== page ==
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Our anchor leg  had to just hang on to the lead we had built and we would win this race and claim the top spot on the podium at the prestigious Drake Relays in Des Moines, Iowa. High School Boys 4 X 880y relay. Little Iowa farming community whooping up on the big Iowa schools. Crowd in excess of 20,000 going nuts. As the lead off runner, I had a great vantage point near the finish line to watch the final 220 yards unfold. Seemingly out of nowhere he appeared. He cruised down the home stretch passing our anchor leg (who had run a great race) just before the finish line. Who was this kid? Just a high school foreign exchange kid. From Kenya. Nuts.

We have all done it. Researched, read, and took notes, watched race videos, all trying to emulate the success of the Kenyans and their dominance of long distance running. All of our efforts directed towards an attempt to run as fast as they do. And why not? They do run fast. Very fast.

About every 3 years there appears a new book that highlights the success of the most recent group of Kenyans running on the international stage. Toby Tanser’s book; “More Fire, How to Run the Kenyan Way”, Westholme Publishing, LLC, Yardley Pennsylvania, 2008, is by far one of the better books written in an attempt to expose the secret sauce Kenyans use to gain such success. Confession time. I too was drawn into this in depth exposure of their world by reading Toby’s book. Guess I took the recommendation of a coaching friend of mine.

Broken into three parts; “Kenyan Running, Training, and Profiles”, Toby does an outstanding job of clearly identifying the societal drivers behind their quest to be the world’s best. Call them incentives. Call it a chance to climb into a world of financial security to be shared with family back home. Or better yet call it opportunity to capitalize on a genetic predisposition designed to excel at long distance running. This dynamic permeates each of the athletes’ personal stories found in Toby’s book.

The Kenyans have simply dominated all distances from 800 meters to the marathon beginning in the early 1980s. Through a historical perspective Toby highlights how the Kenyans discovered the road to getting noticed on the international scene. Enter the US collegiate track and field, cross country scholarship world (NCAA and NAIA). This review begins with Joseph Ng’eno, one of the most decorated Kenyan runners who entered the college scene by way of a scholarship at Washington State University – fall 1972. Running under the tutelage of Coach John Chaplain, Joseph went on to win multiple NCAA titles. Just a few years later Henry Rono shows up at WSU and experienced like success capped off by setting four world records (while still a WSU student) in a span of just 81 days (10,000m, 5000m, 3000m and 3,000m steeplechase). Other Kenyan runners soon followed (men and women), driven by the collegiate coaching community who just found a new talent pool. Reminds me of gold fever miners experienced in the Western US.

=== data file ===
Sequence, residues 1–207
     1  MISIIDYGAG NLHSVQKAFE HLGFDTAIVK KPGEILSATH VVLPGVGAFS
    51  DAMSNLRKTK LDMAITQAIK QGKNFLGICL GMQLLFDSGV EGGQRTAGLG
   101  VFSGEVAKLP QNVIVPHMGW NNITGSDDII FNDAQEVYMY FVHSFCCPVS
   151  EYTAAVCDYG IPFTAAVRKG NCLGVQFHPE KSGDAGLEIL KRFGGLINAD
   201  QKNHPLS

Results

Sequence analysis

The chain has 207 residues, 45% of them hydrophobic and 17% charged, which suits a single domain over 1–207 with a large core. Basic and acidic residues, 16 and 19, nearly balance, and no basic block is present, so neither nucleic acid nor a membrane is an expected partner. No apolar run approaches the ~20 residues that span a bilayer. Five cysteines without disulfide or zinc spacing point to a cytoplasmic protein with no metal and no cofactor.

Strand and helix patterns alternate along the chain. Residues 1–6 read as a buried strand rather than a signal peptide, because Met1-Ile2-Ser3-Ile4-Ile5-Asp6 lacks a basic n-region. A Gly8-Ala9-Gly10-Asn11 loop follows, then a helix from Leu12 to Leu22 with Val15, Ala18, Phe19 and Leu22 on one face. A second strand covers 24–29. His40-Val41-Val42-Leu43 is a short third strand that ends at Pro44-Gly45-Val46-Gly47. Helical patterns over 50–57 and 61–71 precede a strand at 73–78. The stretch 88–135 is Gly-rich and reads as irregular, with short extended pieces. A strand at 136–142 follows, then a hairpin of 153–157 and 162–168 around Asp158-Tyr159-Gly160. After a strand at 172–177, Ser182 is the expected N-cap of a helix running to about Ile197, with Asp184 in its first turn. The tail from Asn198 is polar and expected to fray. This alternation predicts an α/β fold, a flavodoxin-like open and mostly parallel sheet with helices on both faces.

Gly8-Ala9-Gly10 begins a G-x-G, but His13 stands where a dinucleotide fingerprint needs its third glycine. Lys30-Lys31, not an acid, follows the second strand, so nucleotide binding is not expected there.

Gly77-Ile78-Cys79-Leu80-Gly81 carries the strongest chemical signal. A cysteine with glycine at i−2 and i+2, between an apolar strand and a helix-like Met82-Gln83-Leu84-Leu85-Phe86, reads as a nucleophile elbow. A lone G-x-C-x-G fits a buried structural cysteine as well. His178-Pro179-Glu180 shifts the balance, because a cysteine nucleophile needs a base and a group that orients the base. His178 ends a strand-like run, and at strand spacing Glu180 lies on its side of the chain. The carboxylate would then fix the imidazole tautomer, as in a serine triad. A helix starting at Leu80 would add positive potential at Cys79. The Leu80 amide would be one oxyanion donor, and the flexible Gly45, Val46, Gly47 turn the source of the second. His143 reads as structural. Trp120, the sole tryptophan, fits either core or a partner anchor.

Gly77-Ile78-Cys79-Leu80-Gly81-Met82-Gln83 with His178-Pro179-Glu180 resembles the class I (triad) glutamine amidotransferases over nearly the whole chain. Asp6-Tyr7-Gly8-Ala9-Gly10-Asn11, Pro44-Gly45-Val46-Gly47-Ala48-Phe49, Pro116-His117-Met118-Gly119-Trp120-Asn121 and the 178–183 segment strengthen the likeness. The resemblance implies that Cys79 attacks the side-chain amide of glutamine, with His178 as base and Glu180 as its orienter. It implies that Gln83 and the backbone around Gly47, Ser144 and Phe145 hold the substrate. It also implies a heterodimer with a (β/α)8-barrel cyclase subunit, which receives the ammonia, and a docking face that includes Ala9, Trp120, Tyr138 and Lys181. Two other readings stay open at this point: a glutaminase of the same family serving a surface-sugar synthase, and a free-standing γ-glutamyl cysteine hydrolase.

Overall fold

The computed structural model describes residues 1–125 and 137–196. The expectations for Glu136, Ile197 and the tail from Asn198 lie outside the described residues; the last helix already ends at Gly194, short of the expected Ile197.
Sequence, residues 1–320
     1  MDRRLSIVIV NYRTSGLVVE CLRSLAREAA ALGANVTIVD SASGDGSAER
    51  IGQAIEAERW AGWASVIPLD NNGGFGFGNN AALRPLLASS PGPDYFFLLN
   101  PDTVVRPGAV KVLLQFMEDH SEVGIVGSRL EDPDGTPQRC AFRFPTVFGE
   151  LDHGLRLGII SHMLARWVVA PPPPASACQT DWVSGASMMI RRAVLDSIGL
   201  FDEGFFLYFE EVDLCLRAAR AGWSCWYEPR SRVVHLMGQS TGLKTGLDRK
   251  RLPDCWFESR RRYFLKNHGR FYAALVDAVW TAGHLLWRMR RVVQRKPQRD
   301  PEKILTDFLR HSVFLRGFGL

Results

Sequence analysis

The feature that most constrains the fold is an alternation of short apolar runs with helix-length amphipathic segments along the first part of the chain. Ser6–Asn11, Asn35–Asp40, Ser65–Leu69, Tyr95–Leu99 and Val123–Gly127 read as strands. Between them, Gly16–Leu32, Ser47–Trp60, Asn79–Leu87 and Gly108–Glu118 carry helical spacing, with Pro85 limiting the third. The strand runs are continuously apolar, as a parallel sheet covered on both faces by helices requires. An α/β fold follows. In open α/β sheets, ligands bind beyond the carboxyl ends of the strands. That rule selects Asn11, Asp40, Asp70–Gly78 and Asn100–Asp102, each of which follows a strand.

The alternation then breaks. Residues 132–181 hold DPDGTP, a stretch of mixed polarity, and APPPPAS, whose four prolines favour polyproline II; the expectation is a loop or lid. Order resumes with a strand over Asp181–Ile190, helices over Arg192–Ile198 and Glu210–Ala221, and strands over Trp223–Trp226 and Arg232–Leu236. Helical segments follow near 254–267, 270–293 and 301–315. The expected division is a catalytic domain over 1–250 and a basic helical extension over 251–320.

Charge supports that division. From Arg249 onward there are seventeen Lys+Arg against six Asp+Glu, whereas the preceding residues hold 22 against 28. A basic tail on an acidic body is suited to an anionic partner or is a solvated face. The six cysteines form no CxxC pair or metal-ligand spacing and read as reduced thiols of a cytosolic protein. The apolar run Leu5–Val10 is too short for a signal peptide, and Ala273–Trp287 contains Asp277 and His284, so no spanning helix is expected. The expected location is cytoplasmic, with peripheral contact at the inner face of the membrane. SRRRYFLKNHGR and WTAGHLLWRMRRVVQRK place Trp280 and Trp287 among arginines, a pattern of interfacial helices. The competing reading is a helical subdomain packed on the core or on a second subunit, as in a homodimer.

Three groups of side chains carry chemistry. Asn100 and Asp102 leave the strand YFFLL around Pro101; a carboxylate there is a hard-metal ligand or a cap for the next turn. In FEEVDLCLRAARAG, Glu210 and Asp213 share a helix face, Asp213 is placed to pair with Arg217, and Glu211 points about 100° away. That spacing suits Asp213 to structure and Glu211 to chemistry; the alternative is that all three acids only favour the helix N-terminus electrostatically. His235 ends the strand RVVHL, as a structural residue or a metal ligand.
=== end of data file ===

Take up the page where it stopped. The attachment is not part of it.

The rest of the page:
This road to success on an international stage has shifted from just a collegiate focus to a “follow the money trail” of large road races highlighted by Kenyan success at the marathon. College success by way of a scholarship is still an option. Competition from within Kenya for both of these spots is intense.

Part Two, “Training” has to be my favorite section of this book. Mileage, pacing, diet, intervals, athlete bios are the result of the authors’ time spent in Kenya. Toby includes individual quotes from nearly two dozen of the most recognized Kenyans. These quotes provide a transparent revelation into training, race strategies, and mental attitudes of the best of the best to ever emerge out of Kenya. This section alone is worth the price of the book.

Part Three, “Profiles” is broken down by race distance. Each distance is a review following a template of Kenyan National Records, Olympic Medals, World Championship Medals and in-depth profiles of each of the Kenyan runners who claim success at their respective distance. Jewels are found in direct athlete interviews. Fun stuff.

My takeaways from Toby’s book? Answer: three points. One – a deep appreciation of their desire to work hard and leave the poverty behind so many of the Kenyans grow up with.
Two – how they train. Hard. Very hard. Easy. Very easy. Too often we get these two mixed up in our US systems. This training is rooted in a respect for other Kenyan runners trying to accomplish what they are.
Thirdly – an anticipation of what is to come with future Kenyans. Many of the successful athletes return to Kenya as business leaders providing economic opportunities in their villages. With their newfound wealth many establish foundations with objectives of improving life as a Kenyan national in their impoverished country. This will only galvanize the opportunity for younger runners following the road forged by the pioneers of Kenyans who have gone before them. The world awaits the new cast ready to step up on stage and begin their performance.

Book rating: a very good read if you want an insight to Kenyan life, economics, diet, culture and yes transparency in their training and racing regimens.

Until next time – enjoy the run!

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